This month we are celebrating the local Western Yarrow, Achillea millefolium a member of the Sunflower Family.
The western yarrow is a diminutive gray- to green-leaved perennial ranging from Mendocino County the Baja California. It is part of the coastal sage scrub community, but found in more inland areas as well on the Central Coast. Though it can become quite drought resistant, it prefers slightly less arid north-facing slopes.
The young plants have a dense matting of woolly hairs along their deeply lobed leaves giving the plants a woolly, gray appearance. In early spring the plants produce beautiful white, sunflower-like flowers on the ends of branches. These continue to bloom until mid-summer when the plants begin to dye back to their woody base and disappear until the first rains of the fall.
Thewestern yarrow was used by Native Americans as a tea that was thought to help stomach problems. It was also ground into a poultice and applied to the skin for inflammation and to help stop bleeding.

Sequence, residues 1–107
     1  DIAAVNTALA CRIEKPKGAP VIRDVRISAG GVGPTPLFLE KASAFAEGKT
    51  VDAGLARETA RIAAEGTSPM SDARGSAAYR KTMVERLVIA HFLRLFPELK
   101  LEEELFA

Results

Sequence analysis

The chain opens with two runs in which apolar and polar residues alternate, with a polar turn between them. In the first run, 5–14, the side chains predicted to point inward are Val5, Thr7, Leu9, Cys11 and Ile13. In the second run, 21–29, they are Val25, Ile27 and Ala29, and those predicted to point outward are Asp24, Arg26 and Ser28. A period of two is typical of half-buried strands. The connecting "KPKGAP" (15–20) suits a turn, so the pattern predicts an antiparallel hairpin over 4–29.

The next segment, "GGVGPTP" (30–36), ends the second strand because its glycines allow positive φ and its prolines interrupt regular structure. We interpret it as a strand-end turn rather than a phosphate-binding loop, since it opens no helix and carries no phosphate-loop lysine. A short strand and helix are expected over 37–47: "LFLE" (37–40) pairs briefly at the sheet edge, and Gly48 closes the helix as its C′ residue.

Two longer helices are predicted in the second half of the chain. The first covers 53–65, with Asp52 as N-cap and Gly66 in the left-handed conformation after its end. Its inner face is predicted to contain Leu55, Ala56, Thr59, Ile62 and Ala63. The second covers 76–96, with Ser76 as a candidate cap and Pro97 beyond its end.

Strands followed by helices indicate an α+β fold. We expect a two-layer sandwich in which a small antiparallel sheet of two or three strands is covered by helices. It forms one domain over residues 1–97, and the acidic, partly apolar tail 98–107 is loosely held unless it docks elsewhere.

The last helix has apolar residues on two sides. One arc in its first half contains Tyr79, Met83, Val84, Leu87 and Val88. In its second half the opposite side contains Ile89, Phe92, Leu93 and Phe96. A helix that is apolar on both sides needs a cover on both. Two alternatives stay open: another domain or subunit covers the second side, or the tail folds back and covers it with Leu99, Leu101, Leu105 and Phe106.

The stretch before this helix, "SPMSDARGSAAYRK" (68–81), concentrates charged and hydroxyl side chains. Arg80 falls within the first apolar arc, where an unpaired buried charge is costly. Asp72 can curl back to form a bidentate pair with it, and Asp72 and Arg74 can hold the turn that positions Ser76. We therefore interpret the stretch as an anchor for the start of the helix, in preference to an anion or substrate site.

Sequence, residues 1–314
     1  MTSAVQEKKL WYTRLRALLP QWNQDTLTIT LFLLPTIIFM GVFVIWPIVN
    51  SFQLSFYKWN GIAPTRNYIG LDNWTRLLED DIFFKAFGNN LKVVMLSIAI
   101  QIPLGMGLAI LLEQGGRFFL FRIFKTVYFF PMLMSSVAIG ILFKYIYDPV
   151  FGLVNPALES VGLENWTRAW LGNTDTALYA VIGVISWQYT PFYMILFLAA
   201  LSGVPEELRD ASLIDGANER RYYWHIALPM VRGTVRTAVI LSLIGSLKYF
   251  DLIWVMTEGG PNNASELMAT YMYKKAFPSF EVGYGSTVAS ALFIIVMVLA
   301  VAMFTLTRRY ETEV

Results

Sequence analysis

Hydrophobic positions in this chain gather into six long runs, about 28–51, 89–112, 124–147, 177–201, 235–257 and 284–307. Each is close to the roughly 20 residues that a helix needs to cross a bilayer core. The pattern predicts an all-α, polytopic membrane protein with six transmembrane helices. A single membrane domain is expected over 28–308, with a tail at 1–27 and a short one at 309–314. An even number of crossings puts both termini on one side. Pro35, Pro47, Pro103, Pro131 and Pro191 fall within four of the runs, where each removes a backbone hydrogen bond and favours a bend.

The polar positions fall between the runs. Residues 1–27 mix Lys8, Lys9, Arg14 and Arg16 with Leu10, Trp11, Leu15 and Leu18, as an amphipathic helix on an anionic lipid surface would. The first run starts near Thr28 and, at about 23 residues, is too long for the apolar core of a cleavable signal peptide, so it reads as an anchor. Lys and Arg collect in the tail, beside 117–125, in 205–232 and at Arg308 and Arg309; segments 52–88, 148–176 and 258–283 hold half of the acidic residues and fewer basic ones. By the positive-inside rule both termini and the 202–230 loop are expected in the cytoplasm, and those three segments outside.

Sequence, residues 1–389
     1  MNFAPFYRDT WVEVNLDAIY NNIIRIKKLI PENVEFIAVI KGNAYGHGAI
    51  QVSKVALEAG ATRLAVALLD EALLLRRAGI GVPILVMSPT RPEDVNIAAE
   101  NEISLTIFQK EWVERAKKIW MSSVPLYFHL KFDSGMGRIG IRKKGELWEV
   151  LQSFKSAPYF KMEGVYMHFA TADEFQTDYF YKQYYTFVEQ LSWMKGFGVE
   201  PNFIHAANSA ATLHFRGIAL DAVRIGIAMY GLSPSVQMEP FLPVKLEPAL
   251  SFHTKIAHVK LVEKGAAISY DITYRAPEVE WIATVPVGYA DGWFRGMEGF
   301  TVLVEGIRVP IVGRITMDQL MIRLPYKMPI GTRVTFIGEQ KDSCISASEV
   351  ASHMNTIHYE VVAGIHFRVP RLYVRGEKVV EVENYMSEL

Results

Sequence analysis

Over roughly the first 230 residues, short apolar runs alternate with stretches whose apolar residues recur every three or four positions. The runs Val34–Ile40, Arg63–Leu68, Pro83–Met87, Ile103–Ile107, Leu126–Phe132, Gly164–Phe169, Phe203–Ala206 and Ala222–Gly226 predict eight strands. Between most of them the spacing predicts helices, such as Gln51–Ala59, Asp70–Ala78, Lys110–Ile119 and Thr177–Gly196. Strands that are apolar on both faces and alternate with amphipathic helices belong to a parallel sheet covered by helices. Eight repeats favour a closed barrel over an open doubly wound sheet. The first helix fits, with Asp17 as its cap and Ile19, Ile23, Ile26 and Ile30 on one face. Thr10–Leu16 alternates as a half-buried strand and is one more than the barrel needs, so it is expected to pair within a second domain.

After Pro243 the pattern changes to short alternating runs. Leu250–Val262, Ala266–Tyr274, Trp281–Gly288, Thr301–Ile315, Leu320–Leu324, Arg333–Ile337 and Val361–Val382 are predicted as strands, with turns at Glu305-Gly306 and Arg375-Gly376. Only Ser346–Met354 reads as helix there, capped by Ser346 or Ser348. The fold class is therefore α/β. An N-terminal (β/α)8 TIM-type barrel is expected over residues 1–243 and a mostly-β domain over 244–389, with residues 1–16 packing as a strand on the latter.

In a garden environment this cold-hardy, drought tolerant plant is a good filler for dry borders where its fine texture compliments grasses, wildflowers, and bold-leaved shrubs. It will become quite leggy unless deadheaded and pruned. It also makes a nice cut flower. Wetsern Yarrow can be spotted throughout our native garden.
Come celebrate the official opening of the Guadalupe Native Garden on August 2nd from 1pm-3pm with fun family activities and an educational exhibits! Check out this event!
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